In 2014 the United States had a record number of measles cases: 644 cases in 27 states, according to the Centers for Disease Control.
It was by far the most cases “since measles elimination was documented in the U.S. in 2000,” according to the CDC. Measles is endemic in some other countries, and people can bring it here by traveling. It is extremely contagious, and can lead to deadly pneumonia, ear infections, and deafness.
Between 2000 and 2013, cases stayed around 100 or 200 across the country, but, like 2014, this year is off to a fast start, and most of those who became ill were unvaccinated.
From Jan. 1 to Jan. 23, 2015, 68 people from 11 states were reported to have measles, according to the CDC. Most of those measles cases are part of an outbreak linked to Disneyland in California.
The measles outbreak that originated at Disneyland has grown to 87 cases, as of Jan. 27. The California Department of Public Health said Monday 73 of the infections are in California. The rest are in Arizona, Utah, Washington, Colorado, Oregon, Nebraska, and Mexico.
“Increased numbers of unvaccinated children in the general population inevitably must lead to more cases of measles in the future,” said Joe Alton, M.D., in an email. Alton is the author of “The Survival Medicine Handbook,” about medical preparedness relating to disasters and epidemics.
He described how a newspaper series of articles published in Wales, Great Britain, linking vaccines to autism had led to large numbers of cases in Wales in 2013.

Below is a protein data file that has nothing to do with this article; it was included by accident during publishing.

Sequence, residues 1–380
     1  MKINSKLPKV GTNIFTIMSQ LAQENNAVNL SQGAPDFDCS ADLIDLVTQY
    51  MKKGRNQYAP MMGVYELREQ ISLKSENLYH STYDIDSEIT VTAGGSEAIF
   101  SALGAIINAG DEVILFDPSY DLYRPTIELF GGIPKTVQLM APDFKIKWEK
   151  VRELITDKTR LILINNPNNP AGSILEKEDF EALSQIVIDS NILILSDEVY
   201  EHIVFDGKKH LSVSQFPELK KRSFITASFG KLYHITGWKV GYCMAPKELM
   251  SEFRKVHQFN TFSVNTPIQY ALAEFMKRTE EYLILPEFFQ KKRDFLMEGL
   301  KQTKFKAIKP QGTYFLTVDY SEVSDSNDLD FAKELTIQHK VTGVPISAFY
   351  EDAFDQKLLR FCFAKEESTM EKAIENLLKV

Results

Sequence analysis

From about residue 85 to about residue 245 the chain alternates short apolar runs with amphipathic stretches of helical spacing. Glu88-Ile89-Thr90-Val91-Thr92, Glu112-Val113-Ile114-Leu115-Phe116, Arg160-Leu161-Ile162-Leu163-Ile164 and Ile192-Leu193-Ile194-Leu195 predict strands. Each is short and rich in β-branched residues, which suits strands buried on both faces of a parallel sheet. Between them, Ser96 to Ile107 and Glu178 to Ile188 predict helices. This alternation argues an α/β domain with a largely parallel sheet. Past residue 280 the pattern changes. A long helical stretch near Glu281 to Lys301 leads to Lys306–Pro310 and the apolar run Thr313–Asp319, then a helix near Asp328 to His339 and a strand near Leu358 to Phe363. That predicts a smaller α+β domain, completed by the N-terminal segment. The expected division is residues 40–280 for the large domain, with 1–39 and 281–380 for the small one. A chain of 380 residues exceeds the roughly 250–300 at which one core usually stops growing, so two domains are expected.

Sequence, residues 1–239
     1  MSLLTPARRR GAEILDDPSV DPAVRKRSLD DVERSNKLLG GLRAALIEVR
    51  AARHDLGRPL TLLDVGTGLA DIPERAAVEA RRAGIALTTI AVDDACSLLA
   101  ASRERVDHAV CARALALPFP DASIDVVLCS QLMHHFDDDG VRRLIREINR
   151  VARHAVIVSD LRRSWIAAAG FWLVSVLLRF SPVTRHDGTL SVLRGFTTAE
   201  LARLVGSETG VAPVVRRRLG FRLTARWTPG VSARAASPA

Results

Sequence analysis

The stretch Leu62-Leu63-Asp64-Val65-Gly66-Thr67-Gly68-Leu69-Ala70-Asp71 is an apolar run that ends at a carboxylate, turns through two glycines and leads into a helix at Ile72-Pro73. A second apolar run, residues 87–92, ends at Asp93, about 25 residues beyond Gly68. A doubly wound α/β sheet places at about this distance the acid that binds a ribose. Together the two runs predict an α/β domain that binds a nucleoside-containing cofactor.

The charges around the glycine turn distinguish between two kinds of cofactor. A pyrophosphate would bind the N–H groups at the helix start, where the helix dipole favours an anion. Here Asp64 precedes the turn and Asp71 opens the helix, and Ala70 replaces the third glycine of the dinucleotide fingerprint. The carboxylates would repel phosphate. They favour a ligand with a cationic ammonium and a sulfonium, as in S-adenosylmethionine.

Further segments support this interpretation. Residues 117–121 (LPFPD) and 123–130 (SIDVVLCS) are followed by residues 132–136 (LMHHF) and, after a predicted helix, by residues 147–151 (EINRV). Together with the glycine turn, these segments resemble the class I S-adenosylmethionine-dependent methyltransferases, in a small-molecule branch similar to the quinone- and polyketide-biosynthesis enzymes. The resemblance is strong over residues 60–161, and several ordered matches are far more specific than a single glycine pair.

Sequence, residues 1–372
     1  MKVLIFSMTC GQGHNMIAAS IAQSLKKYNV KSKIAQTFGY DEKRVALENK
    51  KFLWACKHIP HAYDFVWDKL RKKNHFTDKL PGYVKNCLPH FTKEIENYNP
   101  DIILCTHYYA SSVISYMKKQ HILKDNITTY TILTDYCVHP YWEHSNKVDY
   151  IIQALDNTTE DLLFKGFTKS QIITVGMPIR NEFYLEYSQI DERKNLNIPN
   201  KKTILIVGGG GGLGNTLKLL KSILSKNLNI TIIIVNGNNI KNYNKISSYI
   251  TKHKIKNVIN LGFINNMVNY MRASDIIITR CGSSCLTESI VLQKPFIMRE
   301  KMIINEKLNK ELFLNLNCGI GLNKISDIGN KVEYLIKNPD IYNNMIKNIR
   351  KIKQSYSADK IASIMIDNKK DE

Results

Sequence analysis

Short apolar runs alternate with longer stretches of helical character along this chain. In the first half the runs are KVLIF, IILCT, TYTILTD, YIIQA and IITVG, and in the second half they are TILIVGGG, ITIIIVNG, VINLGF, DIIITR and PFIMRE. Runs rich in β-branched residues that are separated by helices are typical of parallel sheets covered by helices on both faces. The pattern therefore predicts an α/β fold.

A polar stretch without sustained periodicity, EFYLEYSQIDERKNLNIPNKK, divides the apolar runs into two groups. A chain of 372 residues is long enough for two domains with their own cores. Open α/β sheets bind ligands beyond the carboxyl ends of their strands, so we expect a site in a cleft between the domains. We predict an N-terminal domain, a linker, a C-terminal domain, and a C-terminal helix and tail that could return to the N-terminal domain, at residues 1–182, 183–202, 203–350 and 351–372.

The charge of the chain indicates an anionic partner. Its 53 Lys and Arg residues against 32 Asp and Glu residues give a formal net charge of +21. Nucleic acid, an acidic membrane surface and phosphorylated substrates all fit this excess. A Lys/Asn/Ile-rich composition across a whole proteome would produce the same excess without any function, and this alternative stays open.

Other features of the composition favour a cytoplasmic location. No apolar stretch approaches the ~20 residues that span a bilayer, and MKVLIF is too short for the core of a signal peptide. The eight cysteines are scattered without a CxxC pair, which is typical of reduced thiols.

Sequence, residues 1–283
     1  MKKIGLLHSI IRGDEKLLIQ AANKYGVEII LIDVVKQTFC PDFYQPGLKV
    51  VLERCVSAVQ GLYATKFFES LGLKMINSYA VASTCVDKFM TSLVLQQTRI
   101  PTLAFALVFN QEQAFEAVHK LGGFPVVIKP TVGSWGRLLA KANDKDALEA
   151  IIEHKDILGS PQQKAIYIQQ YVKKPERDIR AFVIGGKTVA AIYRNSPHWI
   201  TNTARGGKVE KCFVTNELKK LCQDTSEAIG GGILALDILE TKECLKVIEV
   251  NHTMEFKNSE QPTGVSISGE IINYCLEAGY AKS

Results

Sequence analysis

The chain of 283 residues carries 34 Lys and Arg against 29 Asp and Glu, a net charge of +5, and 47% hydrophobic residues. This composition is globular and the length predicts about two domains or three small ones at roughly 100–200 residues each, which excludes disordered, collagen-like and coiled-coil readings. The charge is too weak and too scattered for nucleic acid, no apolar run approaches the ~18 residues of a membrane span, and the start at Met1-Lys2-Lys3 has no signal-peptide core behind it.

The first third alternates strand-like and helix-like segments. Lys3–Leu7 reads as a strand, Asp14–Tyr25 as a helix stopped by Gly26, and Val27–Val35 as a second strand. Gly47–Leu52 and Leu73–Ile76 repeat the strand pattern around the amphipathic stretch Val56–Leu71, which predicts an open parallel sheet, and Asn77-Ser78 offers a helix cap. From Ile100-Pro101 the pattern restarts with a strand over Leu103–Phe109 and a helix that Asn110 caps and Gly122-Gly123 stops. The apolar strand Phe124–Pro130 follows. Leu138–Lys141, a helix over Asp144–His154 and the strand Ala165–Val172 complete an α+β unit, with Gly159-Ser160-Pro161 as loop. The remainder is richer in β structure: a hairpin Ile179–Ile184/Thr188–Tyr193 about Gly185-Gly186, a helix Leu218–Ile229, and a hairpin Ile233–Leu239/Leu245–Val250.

“Vaccination of the grand majority of children affords some protection to the unvaccinated; this is known as herd immunity.”
Once the percentage of vaccinated people drops below a certain level, herd immunity fails to be effective and epidemics may erupt, the doctor explained.
But a substantial minority of parents are concerned about side effects associated with vaccines, according to a research report by The Profitable Practice, published by the consultancy firm Software Advice.
Emily King said in an email “31 percent were most concerned about the possibilities for long-term side effects from vaccines.” Her publication surveyed 1,360 parents with children under age 18 to determine how to effectively increase awareness and alleviate vaccine-related anxieties, according to King.
A majority, 52 percent, would keep their children up to date on vaccines if their doctors directly explained the reasons for doing so and the chances, or unlikeliness, of adverse effects.
Among the most dreaded adverse effects is autism. Scientists do not agree that vaccines cause autism, but the fear of such a life-altering effect persists.
Luis Bayardo has two sons who developed autism, and he has not allowed his youngest child to have the MMR: Measles, Mumps and Rubella vaccine. He wrote “Autism: A Dad’s Journey,” about his family’s experience.
In an email he said: “I have two autistic boys, and one developed late onset autism only after getting his MMR at the age of 4 ½. Much later than is typical for late onset autism. My wife believes that the MMR or something associated with the MMR in some ways trigged the autism. I understand that the studies prove this to be false but a life with autism for my last child is a very scary thought.”
He said if it were possible to have only the measles vaccine alone, he would allow his daughter to have it.
Too often doctors simply make a pamphlet available, when a conversation would be more helpful.
Doctors also seem to have a consensus about the measles vaccine. “The measles vaccine is safe and effective; it is responsible for the control of measles we have achieved in many nations,” wrote Amesh A. Adalja, MD. He is a Senior Associate at the Center for Health Security at the University of Pittsburgh Medical Center (UPMC) and School of Medicine.
CORRECTION: An earlier version of this article gave incorrect information about one of the areas where cases of measles have been found. It was not in New Mexico. It was in Mexico. Epoch Times regrets the error.